Recommended use: image galleries, videos, extra content (eg. a “Help” link).
Sliders are a relatively new feature when it comes to web design, but they are quickly gaining ground due to their aesthetic appeal, ease of use, and their ability to display lots of content in a small space. One of the easiest versions of this jQuery plugin is the Automatic Image Slider.
Again, there are a ton of these guys out there – the one we use on our site is the EasySlider plugin – but this version has good documentation and a nice control scheme. Sliders are great for any sort of “Featured” content section – fire it into your next web design & impress your clients.
Hit the jump for more awesome tools for common website design requests!
Mailing lists, surveys, contact forms etc are all common client requests when it comes to websites. Like everything else, there are a lot of ways to do this out there, but none are easier than Wufoo.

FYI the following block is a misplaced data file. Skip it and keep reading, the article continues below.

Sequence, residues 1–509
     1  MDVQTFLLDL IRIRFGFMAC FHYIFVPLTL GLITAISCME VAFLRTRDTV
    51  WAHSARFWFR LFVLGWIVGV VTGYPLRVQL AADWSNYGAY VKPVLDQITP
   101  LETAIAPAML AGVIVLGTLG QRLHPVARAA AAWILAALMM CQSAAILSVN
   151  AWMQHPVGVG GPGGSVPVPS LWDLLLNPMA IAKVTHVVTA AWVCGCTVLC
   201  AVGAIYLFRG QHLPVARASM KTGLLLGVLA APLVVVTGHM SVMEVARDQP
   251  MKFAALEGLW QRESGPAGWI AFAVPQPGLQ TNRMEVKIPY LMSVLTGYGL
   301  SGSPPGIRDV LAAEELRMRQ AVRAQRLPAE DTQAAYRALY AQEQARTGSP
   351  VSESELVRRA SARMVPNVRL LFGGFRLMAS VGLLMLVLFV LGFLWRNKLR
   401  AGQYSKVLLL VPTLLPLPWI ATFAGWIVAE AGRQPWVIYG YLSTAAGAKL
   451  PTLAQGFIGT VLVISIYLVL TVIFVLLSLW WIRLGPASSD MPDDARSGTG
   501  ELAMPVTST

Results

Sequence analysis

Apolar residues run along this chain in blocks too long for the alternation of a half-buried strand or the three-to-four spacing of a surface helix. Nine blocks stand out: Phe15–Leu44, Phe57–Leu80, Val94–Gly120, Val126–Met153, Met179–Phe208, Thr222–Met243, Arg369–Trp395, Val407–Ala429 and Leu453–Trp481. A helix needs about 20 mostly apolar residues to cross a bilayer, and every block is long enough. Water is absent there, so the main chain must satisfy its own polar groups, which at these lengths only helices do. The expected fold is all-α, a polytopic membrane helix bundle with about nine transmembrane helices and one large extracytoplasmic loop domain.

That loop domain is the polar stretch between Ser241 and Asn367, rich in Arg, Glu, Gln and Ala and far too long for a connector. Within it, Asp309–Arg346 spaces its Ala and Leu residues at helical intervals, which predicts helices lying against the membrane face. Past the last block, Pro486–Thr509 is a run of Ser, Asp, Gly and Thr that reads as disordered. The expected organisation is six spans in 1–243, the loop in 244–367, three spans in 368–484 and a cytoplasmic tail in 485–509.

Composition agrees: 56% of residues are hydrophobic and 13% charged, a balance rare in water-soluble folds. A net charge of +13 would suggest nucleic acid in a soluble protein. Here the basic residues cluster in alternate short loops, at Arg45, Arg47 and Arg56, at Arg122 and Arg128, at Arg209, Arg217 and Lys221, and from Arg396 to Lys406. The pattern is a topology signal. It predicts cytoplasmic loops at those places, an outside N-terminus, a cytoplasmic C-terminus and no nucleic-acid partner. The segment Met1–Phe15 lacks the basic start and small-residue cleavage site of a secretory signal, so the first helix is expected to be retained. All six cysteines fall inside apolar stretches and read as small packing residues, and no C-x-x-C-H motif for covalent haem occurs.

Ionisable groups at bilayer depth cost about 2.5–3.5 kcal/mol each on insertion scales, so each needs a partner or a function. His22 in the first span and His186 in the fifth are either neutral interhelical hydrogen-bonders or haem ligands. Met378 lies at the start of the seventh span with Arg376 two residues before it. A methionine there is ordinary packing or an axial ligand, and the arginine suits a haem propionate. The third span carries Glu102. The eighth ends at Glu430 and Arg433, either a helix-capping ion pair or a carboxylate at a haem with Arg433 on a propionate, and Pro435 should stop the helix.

Wufoo operates on the “freemium” model, and their free package will be fine for lots of your clients. If you have a client who requires more than the free package, their paid packages are very reasonably priced. The forms have an easy drag-n-drop interface, and Wufoo also provides the code to put a form directly into the HTML of a site, as well as various other code snippets. Super easy to use, no database/php setup, and it looks great.
Paper Leaf has done some work for indie musicians & recording studios; inevitably, as their art/business revolves around music, these people need an audio player on their website. Again, plenty of solutions are out there, but one of the most flexible and easiest to implement is JPlayer.